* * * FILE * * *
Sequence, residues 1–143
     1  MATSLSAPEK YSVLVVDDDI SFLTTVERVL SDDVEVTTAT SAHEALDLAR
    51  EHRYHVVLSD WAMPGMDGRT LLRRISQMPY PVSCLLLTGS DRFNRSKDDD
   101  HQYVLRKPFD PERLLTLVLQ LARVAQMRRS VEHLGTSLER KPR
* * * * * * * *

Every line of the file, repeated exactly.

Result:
Sequence, residues 1–143
     1  MATSLSAPEK YSVLVVDDDI SFLTTVERVL SDDVEVTTAT SAHEALDLAR
    51  EHRYHVVLSD WAMPGMDGRT LLRRISQMPY PVSCLLLTGS DRFNRSKDDD
   101  HQYVLRKPFD PERLLTLVLQ LARVAQMRRS VEHLGTSLER KPR